There are a number of examples of what constitutes a conflict of interest in therapy. Just as in medicine, treating certain patients may not be in the best interest of the patient or the therapist. A therapist, for instance, would have a direct conflict in trying to counsel his or her own family members, just as a doctor would be unlikely to treat the illnesses of his or her own immediate family (beyond offering some basic care as needed). The premise of most therapy is that a therapist is to bring objectivity to sessions, and he or she cannot bring the same level of distance to those people who he or she knows very well.
These examples are called non-sexual dual relationships, and they are not illegal, though they may not always be advised. Additional non-sexual dual relationships, where a conflict of interest might occur include the following:
- A therapist and client have a friendship outside of therapy, where the therapist and client have a business relationship.
- The client and therapist live together in very small communities or belong to the same communal organizations.
- The therapist works not only as a therapist for a person, but also may evaluate them in some way.
- This last is the case in institutions and in prisons, when therapists may also make judgments about the client’s future, and such a relationship could also exist in organizations that employ a counselor for their employees to visit.
Not all outside relationships with a therapist will pose a significant conflict of interest in therapy. For instance, if someone attends a large church that her therapist also happens to attend, this may be relatively harmless, though it can potentially affect the patient's privacy, or make her feel slightly uncomfortable if she meets her therapist in a social setting. The therapist is still bound by confidentiality, and cannot disclose that the person is his client, which may make for a few awkward moments. If a patient does share this type of dual relationship with a therapist, discussing in therapy how meetings in the “outside world” should be handled makes good sense.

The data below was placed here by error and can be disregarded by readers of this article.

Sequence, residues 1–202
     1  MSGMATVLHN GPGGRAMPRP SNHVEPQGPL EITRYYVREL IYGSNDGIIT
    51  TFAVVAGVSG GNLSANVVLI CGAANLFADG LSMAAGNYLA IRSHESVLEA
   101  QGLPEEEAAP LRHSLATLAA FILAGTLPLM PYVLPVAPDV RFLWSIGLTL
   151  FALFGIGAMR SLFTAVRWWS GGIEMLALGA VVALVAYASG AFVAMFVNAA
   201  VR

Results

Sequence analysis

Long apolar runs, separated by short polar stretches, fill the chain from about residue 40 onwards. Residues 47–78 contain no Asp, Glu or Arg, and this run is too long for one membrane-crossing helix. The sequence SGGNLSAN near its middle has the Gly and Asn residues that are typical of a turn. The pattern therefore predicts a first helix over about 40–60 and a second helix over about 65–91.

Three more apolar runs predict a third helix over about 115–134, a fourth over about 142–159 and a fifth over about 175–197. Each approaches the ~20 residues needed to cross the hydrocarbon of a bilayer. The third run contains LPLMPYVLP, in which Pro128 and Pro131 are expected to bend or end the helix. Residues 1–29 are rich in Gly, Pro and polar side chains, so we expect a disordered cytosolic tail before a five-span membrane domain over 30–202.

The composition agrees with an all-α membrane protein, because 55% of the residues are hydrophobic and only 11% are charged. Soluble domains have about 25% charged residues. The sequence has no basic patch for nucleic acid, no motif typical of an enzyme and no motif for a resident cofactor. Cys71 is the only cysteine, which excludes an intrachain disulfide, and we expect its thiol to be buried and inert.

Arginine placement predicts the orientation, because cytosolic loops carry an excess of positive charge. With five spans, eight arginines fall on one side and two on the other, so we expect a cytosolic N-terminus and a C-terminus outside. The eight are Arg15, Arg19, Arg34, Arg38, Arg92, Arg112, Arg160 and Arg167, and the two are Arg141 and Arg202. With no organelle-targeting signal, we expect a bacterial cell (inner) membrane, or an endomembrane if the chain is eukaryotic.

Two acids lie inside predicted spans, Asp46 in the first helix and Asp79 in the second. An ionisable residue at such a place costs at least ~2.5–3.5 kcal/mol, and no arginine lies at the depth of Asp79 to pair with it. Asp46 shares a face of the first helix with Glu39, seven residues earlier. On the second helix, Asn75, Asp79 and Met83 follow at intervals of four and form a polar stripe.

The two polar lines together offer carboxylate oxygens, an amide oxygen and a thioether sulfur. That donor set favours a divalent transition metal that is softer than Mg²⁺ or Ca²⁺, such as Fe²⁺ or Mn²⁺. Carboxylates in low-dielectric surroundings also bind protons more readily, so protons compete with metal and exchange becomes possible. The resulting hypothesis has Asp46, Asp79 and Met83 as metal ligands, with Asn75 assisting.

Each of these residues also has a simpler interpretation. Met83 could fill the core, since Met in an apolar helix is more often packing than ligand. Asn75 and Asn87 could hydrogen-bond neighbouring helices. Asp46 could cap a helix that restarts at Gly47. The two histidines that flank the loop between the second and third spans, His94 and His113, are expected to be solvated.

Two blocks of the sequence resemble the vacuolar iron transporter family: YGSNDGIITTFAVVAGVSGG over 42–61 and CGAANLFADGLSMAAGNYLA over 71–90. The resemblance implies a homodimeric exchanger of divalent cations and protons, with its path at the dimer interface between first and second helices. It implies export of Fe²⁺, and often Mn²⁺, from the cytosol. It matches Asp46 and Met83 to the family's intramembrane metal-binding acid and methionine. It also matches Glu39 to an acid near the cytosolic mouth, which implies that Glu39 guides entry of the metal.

On the other hand, not all clients want to see their therapist in the outside world, and really prefer anonymity and privacy when attending therapy. They may feel more conflicted about discussing their problems with someone they know or are likely to meet regularly. When dual relationships exist, it’s important to find out if they have the potential to create a discomfort in therapy, for either the therapist or client, and to decide if the client would be best served with another therapist.
Another way that conflict of interest in therapy may occur is when a therapist treats more than one client of the same family. It is very important, especially in couples or family counseling, to clearly define the degree of confidentiality each person being counseled will have. Many times, therapists who work with more than one family member will very directly state that anything said by clients is not confidential to related clients. Of course, this may affect the degree of honesty people in family or couples therapy will exhibit. If it seems clear that one person is struggling with issues or needs greater confidentiality, the therapist may recommend that person seek counseling with a private therapist too.
Similarly, therapists may feel it is a conflict to treat more than one client of the same family in private settings. Since each client would have total confidentiality, but might be speculating about their family members, it may be hard to preserve this privacy. This is especially the case when the therapist has information about each related client from other family members. It is often in the best interest of the clients if they each have their own therapist.
Professional therapy should never include sexual relations between therapist and client. This is undoubtedly a conflict of interest in therapy. Adding a sexual component to the relationship can prove tremendously damaging to a client, since that person is incredibly vulnerable in the therapeutic setting.